Book review: Just Like You, by Nick Hornby
Age, race and class are all barriers to be jumped over by the lovers in Nick Hornby’s acutely observed and tender novel, writes David Robinson
Lucy is in the queue at a north London butcher’s alongside Emma and wishes she wasn’t. Because Emma – 15 years into a boring marriage, their kids once friends but no longer since they went private – is just the kind to pry into Lucy’s life now that her marriage is over and she is dating again. She’s also loud, so other people in the queue can hear. “You know why I envy you?” she says. Silence. “You’re going to have sex with someone you’ve never had sex with before.”
That’s the start of Nick Hornby’s novel, and though it might sound banal, it’s as good an opening as I’ve read for a long while. Why? Because almost without us becoming aware of it, he has told us everything we need to know about Lucy and Joseph: that she is 42, a divorced head of English at a nearby comp and he is 22, a wannabe DJ living with his mother. Back outside, Emma says he looks like a young Denzel Washington. No he doesn’t, says Lucy, but of the three black people Emma’s ever noticed, he’s probably the closest fit.
As well as the precision of Hornby’s emotional triangulation, there are plenty of other hooks. Credible dialogue, of course: one expects nothing less from an Oscar nominated screenwriter (Brooklyn, An Education). But there’s also a delicate seasoning of self-reflexivity, with Lucy denying to Emma that she’s on the lookout for a new relationship “in a way that, were this a novel, could convey a meaning ironically at odds with the storyteller’s intentions.”
At first, Lucy and Joseph are paired up with partners who seem more obvious fits – a middle-aged novelist and a singer respectively – but Hornby’s heart isn’t in it just as theirs isn’t. What he wants to do is what he did in About A Boy: see whether an atypical relationship can survive everyday realities. In that 1993 novel, the question was whether an ultra-cool amoral idler could ever gain the emotional maturity to care for a troubled teen; here, after Hornby has manoeuvred Lucy and Joseph closer together by having him volunteer to babysit, the test is whether their relationship can credibly clear the triple jump of age, class and race.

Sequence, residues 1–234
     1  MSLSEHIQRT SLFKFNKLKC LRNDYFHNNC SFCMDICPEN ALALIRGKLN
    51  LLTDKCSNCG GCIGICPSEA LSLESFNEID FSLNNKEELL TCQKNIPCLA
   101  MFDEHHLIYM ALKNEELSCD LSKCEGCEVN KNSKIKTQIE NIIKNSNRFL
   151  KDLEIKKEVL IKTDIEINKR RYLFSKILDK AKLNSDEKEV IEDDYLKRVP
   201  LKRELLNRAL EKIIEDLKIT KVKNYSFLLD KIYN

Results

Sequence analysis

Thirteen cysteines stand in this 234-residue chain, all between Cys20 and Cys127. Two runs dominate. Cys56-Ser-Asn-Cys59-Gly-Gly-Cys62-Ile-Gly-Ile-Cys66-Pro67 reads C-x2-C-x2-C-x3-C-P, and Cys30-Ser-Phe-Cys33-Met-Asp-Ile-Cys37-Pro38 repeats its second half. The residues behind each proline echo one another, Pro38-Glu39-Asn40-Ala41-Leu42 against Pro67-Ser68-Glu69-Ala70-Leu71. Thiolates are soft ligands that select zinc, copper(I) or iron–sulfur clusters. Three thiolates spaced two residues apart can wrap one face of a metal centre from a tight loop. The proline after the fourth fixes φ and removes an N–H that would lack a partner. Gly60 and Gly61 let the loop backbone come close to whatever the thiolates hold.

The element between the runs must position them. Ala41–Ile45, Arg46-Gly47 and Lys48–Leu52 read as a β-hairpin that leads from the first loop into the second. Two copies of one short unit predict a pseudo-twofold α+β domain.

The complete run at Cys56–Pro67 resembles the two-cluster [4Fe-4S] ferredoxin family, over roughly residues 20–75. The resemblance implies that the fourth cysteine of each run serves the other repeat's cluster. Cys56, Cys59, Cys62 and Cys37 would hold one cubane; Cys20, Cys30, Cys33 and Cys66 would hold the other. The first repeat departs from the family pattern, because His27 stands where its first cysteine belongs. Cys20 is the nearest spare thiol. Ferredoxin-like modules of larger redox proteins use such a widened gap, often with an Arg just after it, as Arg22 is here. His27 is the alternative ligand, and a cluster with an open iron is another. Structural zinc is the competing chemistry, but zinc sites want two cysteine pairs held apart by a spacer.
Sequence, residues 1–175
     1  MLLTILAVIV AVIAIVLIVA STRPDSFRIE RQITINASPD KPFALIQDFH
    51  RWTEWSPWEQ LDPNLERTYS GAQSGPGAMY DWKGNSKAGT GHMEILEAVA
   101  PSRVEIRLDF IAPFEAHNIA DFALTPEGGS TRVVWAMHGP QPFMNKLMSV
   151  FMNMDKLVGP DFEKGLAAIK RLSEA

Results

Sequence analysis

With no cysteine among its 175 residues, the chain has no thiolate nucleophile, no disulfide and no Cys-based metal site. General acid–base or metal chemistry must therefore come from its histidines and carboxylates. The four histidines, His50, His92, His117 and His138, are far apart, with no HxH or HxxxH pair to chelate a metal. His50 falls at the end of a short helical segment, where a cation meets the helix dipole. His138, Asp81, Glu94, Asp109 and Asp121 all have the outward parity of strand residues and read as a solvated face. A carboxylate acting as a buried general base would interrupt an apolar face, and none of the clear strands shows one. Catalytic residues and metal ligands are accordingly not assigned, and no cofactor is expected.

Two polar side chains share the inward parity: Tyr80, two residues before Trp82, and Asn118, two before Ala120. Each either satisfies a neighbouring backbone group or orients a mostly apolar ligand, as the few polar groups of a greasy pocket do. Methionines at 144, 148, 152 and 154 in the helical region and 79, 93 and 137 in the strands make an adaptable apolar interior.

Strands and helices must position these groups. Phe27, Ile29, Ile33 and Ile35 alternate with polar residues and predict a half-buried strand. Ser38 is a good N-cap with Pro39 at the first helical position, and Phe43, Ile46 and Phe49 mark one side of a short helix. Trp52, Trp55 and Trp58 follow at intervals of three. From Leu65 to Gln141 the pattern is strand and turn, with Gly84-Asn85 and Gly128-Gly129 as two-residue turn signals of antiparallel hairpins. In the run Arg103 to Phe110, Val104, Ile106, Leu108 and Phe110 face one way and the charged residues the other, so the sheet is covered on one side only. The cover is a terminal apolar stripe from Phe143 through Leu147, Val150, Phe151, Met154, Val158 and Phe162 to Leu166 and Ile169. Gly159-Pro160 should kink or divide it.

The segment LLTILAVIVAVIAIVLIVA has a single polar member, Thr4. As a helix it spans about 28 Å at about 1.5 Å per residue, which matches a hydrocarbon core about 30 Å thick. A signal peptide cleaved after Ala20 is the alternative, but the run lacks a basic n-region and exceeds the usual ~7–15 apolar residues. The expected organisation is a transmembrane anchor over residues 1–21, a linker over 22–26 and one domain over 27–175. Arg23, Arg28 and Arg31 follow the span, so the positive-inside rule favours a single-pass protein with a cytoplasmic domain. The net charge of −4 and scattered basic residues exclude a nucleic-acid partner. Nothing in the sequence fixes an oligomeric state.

Which is the biggest threat? These days, we can – almost – rule out class and everyone in the novel falls over themselves to deny that it’s race, so the 20-year age gap between the two lovers might seem the obvious answer. Yet, for all the comedy of seeing Islington liberals squirm over seemingly innocuous racial faux-pas, Hornby adroitly shows the ubiquity of micro aggressions and how quickly they can spiral out of control. Accidentally locked out of Lucy’s flat one night, Joseph is accused by a neighbour of being “lippy” after for pointing out that the lateness of the hour for him to be waiting outside for her is none of his business. Soon the police are called, and virtually accuse him of stealing the jacket he is wearing. Lucy’s outrage doesn’t change their minds because this never happens (“It was like multiplying a positive number by a negative number: the answer was always minus”).
Hornby has had a good eye for the way we live now, whether it’s on-trend music, double-screening children, teen argot du jour (“mandems” anyone?), DJ dreams or – at the other end of the age range – post-divorce parenting and Viagra etiquette. Perhaps he makes more than he needs to of setting his novel at the time of the Brexit referendum, but even this cannot spoil such a well-told, thoughtful, tender and occasionally devastatingly funny love story.
Just Like You, by Nick Hornby, Viking, 310pp, £16.99
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